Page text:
Change Control Isn't an Agile Scoping Tool
If he/she wishes to change the scope by adding in/taking out/re-prioritizing the Backlog the PO must submit a Formal Change Request/IOCA before taking an approved Change to the Scrum Master for Planning consideration.
This is the antithesis of agility. While Scrum works just fine in environments that require formal change control, the change control process is generally intended to safeguard the integrity of the production environment rather than keeping the Product Backlog sacrosanct.
Analysis and Recommendations
I suspect the "change control" requirement is really an attempt by the stakeholders or steering committee to control project scope or budget. If that's the case, the Scrum Master needs to educate the organization better on how iterative development actually works, and work with the team to ensure that the product is always in a releasable state at the end of each iteration.
The stakeholders, through the Product Owner, can add or remove items from the Product Backlog at any time. The only thing they can't do is change the stories within the current Sprint unless the Product Owner calls for an early termination and a return to Sprint Planning.
Technically, there's nothing in Scrum that requires or prevents stakeholders from enforcing change control on the requirements they pass on to the Product Owner. How the Product Owner interfaces with stakeholders is an externality to the Scrum framework, which simply mandates that the Product Owner is in charge of the contents and ordering of the Product Backlog.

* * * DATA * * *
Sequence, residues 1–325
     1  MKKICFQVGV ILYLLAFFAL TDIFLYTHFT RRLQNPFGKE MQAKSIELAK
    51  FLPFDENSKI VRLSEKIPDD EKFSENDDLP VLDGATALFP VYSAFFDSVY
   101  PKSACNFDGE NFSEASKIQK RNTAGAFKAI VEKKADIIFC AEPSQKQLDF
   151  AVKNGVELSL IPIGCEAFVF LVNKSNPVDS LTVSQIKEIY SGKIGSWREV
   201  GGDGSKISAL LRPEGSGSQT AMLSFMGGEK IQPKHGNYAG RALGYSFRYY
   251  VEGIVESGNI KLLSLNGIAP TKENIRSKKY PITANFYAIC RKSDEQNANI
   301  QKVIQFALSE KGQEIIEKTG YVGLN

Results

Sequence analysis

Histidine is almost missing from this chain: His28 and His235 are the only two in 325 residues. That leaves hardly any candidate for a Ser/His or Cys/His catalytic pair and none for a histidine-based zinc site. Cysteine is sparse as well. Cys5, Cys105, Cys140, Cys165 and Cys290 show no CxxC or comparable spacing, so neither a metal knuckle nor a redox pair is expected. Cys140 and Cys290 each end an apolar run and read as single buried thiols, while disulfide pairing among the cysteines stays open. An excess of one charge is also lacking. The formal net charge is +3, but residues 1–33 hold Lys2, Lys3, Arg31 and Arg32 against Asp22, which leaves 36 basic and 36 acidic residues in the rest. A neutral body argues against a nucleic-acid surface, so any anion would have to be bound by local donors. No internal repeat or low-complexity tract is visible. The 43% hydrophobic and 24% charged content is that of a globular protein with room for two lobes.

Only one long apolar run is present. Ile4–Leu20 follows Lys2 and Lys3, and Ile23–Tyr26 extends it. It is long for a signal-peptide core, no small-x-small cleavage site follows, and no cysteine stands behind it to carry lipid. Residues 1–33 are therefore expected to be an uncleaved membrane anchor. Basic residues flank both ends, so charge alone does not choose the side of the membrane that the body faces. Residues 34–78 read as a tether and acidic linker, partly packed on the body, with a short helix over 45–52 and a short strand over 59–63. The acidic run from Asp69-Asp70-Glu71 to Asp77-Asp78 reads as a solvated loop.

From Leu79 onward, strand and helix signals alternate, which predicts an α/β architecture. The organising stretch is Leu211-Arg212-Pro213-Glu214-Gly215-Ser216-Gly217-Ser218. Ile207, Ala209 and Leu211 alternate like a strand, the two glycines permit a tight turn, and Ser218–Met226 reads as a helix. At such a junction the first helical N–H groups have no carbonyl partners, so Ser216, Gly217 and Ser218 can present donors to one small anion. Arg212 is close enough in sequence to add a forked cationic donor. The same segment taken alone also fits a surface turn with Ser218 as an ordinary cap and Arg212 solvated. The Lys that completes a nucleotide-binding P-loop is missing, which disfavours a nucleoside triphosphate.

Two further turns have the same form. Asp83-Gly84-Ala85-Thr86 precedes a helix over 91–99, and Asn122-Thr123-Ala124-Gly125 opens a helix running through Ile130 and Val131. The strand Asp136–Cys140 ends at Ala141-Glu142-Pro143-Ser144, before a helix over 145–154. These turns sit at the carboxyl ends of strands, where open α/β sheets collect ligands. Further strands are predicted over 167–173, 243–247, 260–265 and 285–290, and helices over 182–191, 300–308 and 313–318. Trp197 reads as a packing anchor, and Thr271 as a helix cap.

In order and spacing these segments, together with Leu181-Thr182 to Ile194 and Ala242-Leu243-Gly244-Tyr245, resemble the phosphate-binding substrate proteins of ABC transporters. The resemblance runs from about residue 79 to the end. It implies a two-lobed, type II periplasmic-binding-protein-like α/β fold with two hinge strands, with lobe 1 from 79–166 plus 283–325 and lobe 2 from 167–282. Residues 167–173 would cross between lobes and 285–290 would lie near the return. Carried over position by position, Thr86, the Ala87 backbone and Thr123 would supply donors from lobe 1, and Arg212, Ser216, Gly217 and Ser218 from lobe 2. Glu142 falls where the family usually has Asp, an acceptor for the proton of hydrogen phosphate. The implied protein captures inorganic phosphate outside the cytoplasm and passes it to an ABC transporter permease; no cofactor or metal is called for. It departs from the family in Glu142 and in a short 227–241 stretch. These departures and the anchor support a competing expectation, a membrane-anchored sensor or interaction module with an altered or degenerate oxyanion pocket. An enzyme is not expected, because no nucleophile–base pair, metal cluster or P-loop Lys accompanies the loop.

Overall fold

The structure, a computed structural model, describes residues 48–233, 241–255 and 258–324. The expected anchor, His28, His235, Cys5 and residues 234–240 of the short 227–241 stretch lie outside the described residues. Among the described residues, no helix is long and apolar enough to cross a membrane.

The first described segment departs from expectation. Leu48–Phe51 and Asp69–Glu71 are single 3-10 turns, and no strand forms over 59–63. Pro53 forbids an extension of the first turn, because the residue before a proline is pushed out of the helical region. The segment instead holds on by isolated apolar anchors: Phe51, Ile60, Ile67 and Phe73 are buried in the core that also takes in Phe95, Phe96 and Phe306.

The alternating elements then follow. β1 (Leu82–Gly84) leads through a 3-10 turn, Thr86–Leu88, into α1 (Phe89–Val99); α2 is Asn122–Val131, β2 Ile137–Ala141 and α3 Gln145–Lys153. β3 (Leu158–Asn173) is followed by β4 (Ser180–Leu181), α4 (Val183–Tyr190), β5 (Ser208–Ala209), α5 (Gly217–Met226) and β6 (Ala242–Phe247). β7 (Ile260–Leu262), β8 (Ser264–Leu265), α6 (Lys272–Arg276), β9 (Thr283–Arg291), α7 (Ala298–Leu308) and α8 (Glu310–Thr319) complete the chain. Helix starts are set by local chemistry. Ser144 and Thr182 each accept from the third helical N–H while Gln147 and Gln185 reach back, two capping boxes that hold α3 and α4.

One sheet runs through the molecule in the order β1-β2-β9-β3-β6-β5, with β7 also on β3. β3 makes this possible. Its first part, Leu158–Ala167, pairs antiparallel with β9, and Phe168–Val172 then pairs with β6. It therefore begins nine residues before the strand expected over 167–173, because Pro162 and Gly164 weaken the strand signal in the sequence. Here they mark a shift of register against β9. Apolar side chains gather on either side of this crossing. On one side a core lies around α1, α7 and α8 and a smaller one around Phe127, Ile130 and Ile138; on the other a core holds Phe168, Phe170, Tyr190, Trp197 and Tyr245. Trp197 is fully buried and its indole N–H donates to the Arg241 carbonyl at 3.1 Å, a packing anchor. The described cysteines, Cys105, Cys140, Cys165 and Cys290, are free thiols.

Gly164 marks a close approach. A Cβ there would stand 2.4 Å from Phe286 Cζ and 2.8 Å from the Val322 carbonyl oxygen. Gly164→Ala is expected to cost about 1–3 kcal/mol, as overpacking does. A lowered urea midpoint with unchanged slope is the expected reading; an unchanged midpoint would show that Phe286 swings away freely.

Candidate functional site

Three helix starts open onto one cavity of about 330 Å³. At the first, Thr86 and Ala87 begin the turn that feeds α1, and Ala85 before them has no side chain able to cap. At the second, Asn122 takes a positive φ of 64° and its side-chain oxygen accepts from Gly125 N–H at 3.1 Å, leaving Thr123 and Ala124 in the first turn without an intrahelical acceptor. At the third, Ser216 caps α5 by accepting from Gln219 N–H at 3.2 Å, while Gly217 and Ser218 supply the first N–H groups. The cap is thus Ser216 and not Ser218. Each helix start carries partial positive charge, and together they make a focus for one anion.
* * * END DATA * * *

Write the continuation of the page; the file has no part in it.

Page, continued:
However, such heavyweight quarterbacking is a significant "project smell" that typically indicates that the organization has not embraced the iterative development model, and probably doesn't understand how to effectively use the framework's built-in process controls. Educating the organization about the Scrum framework is the Scrum Master's job, and effectively managing the stakeholders is the Product Owner's job.
Reconsider the Framework Choice
Education would seem to be the missing ingredient here. Of course, Scrum is also not a silver bullet, is not right for every organization, and may simply be a bad fit for a command-and-control organization. Good waterfall isn't any more likely to fail than improperly-implemented Scrum, so it may also be worth reconsidering whether Scrum is the right framework for the organization.
Different frameworks may fit better. Your mileage can certainly vary!